Anyone who has the slightest interest in watches will definitely be familiar with the name Audemars Piguet (AP). Its flagship Royal Oak is, after all, one of the most iconic timepieces ever made, and among the most coveted in the world. In fact, AP and the Royal Oak are so synonymous with each other that it has become both a blessing and a curse. The brand has a long, rich history dating back to 1972 and an entire stable of exceptional watches, but all people notice is the Royal Oak. The brand needed to remind people that it was more than just one watch. Cue the CODE 11.59.
As CEO François-Henry Bennahmias put it, the intention behind the new CODE 11.59 watch collection—named after an acronym of the words Challenge, Own, Dare, Evolve; and for the last moments before the beginning of a new day—was to make AP “whole again”. “We had left the territory of round watches for a long time, never managing to create one which incorporated our avant-garde DNA. But this is exactly what we’ve aimed for with CODE 11.59 by Audemars Piguet: To create a contemporary round watch with the Audemars Piguet twist,” he says.
And that is exactly what the CODE 11.59 is: A resolutely contemporary watch. Its modern aesthetic places it firmly in the modern day, and it feels like a breath of fresh air compared to the myriad vintage-inspired pieces that have flooded the watch market in recent years. On the face of it, the CODE 11.59 is round, with an unusually thin bezel that maximises the amount of space available on the dial. The middle case of the watch, however, is octagonal; the angular planes are clearly visible from the side, as are the alternate bands of brushed and polished finishes. Plus, the polished surface is not a uniform band—its thickness varies in different areas following the curves of the case. The lugs, which also combine a brushed finish with polished angles, are actually not attached to the back of the case. Instead, they are attached only to the top bezel, and float a hairsbreadth above the back case. This case, all things considered, is a thing of beauty.
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This attention to detail extends to every other part of the watch as well. The dial, for instance, plays host to a logo that has been created out of gold using a new form of chemical technology called galvanic growth, which can be likened to a microscopic form of 3D printing. Although the technology is not new—it has been employed for the manufacture of watch parts previously—it is the first time that it is being used with 24-karat gold. (The logo on other Audemars Piguet watches is normally printed.) Even the sapphire crystal that covers the dial is special. The internal surface of the glass is shaped like a dome, while the external surface is vertically curved from 6 to 12 o’clock. This double curve acts as a form of optical lensing, allowing for the details on the watch face to appear extra clear. If you place the double-curved sapphire crystal next to that of a normal watch, it is almost like comparing a high-definition screen with a regular one.
All these details speak of the amount of time and effort that went into creating the watch. As Bennahmias has said: “[CODE 11.59] is a big deal for Audemars Piguet because we have put all of the savoir-faire that we are known for into this particular collection, pushing the finishing details to new limits. This watch is for men and women alike, who appreciate understated style and for whom perfection is in the details.”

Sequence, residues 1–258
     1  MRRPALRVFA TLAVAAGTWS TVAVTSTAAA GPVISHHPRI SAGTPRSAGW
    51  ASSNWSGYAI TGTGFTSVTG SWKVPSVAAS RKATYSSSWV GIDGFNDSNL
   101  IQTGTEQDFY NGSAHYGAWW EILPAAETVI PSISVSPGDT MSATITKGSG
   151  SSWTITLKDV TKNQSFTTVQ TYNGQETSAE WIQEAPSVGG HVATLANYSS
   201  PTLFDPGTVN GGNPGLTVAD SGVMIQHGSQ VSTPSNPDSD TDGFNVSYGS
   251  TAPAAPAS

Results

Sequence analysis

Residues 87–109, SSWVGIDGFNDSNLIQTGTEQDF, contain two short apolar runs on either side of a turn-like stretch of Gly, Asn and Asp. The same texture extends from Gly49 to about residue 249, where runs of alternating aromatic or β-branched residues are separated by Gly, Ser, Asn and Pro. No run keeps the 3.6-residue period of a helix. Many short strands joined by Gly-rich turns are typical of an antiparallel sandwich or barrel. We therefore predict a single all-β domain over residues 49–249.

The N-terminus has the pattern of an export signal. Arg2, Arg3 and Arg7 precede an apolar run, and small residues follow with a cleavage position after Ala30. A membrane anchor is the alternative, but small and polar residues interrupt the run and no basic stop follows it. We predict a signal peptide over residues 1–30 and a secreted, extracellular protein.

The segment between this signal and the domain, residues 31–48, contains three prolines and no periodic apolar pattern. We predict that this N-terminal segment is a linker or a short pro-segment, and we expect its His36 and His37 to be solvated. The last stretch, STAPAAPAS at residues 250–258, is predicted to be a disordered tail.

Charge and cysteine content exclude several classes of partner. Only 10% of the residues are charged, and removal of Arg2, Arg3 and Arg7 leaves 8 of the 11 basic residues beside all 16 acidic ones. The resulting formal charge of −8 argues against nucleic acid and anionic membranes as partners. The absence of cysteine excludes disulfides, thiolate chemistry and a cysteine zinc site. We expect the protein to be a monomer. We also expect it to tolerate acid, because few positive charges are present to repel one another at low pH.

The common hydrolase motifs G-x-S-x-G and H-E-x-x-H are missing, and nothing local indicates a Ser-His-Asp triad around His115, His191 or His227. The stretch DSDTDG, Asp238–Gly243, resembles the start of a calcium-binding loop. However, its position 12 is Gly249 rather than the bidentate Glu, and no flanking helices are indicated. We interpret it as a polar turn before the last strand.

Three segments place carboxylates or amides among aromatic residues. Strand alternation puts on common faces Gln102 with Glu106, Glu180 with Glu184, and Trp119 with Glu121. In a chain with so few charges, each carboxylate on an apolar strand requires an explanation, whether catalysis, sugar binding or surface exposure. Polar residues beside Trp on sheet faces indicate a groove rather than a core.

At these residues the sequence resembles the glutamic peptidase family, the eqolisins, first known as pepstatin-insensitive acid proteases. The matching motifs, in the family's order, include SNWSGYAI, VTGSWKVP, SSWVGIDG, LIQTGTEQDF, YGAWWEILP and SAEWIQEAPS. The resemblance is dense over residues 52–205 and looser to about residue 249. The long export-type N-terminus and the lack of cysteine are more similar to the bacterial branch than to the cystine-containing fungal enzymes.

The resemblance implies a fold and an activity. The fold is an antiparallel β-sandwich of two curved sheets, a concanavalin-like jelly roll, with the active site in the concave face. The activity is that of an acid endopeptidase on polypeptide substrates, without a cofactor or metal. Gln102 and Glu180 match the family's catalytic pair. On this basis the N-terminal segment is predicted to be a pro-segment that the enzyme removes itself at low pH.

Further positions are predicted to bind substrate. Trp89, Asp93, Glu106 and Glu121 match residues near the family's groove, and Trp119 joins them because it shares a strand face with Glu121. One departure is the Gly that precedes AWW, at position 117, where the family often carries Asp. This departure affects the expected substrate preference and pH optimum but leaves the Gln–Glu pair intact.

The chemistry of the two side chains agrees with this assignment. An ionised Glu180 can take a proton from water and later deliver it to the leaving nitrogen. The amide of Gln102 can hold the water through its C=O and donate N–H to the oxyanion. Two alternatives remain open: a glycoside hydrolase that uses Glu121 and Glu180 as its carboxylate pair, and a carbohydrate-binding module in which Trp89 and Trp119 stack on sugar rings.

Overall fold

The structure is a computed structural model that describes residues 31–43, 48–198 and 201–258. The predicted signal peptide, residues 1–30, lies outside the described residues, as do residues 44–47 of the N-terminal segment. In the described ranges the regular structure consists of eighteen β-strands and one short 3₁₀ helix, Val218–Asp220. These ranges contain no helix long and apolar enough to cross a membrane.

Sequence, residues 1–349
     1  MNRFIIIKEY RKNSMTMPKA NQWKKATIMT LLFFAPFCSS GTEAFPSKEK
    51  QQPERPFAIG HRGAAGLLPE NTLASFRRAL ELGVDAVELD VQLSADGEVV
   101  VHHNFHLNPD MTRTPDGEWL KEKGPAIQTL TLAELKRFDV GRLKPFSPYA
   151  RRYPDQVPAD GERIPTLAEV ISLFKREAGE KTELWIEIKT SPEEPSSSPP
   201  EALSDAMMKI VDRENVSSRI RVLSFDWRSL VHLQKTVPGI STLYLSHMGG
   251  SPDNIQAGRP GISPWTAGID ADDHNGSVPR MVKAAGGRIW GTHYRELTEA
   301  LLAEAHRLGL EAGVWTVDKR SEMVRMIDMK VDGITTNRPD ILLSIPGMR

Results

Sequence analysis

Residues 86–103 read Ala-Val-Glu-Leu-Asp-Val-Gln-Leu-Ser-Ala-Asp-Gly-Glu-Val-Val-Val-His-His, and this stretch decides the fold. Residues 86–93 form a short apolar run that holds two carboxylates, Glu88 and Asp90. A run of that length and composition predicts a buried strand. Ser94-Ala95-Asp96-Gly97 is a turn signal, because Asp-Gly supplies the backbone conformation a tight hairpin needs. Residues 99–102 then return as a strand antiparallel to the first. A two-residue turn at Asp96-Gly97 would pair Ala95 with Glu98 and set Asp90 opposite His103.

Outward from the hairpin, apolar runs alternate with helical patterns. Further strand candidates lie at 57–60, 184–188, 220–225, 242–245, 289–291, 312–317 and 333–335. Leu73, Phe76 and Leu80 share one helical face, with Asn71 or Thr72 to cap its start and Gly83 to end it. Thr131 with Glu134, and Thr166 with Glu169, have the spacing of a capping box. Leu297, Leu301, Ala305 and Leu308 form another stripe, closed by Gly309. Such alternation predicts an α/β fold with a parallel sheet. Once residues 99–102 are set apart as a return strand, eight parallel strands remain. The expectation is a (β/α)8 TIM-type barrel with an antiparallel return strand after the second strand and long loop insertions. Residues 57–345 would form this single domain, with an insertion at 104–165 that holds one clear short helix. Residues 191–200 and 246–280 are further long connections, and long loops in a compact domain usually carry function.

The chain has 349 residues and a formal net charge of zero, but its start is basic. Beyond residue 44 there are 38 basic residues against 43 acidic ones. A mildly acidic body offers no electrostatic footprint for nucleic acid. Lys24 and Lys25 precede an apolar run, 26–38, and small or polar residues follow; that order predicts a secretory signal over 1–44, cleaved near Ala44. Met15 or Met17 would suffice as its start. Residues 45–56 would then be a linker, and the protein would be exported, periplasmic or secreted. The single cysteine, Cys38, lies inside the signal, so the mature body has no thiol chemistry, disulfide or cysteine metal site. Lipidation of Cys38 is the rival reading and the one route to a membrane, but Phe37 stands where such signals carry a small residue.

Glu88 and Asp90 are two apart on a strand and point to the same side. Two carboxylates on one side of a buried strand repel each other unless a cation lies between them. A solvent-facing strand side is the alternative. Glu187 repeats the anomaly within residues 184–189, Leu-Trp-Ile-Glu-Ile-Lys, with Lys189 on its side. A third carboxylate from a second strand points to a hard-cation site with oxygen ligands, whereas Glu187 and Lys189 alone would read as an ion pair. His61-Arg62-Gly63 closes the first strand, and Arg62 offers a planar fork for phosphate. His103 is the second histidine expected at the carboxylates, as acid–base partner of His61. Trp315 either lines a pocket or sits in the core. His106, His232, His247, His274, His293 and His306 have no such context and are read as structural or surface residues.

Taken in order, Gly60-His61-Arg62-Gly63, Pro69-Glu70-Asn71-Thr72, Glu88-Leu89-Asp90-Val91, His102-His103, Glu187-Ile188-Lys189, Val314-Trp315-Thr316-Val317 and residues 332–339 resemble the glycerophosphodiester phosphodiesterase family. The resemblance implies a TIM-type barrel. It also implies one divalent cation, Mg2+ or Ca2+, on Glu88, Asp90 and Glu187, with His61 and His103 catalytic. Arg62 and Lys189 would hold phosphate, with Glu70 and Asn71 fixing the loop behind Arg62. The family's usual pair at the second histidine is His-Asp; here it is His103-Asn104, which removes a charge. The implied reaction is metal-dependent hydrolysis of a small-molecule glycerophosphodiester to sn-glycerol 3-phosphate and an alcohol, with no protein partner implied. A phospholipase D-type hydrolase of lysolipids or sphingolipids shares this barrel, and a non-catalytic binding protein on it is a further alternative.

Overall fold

All in all, the collection took seven years to make. And, according to Bennahmias, this is the most important launch for AP since the Royal Oak’s debut in 1972. As such, the new collection was launched with a whopping 13 new references, from watches of a simple time and date model to one equipped with a minute repeater supersonnerie. A collection launch on such a scale is almost unheard of in the watch industry and shows how many resources have been devoted to its creation.
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Despite all of the effort that went into the CODE 11.59, however, it had an undeniably rough start when it was first revealed at the Salon International de la Haute Horlogerie (SIHH) in January this year. The launch was immensely hyped—Audemars Piguet is, after all, one of the most beloved brands in the industry—but it unfortunately fell flat once the collection was unveiled. Criticism mainly centred around the fact that the CODE 11.59 was aesthetically underwhelming, at least in pictures. So much of the appeal of the watch lies in its minute details, which can only really be appreciated in person. As more journalists at the fair saw the collection in the metal, however, sentiments began to warm.
Fast forward to today and the tide has certainly turned. AP’s clients have responded well to the collection, which is, as Bennahmias accurately notes, what truly matters. “At the end of the day, clients are the only judges, and sales prove that time is on our side.” Considering that the CODE 11.59 is projected to represent some 20 percent of the brand’s sales in the long term, we should think that this warm response should come as a relief. Following this, Bennahmias has also hinted at more exciting launches ahead for the collection, saying that even more models will be unveiled next year.
The CODE 11.59 puts Audemars Piguet in an interesting position. It is still an undeniably polarising watch, but its contemporary design and impeccable construction have also furthered people’s conception of what the brand is capable of. It took a risk in 1972 to launch the first ever luxury steel sports watch, and that watch is now an icon unto itself. So who knows? Maybe the CODE 11.59 will come into its own and become an icon for future generations. Only time will tell.
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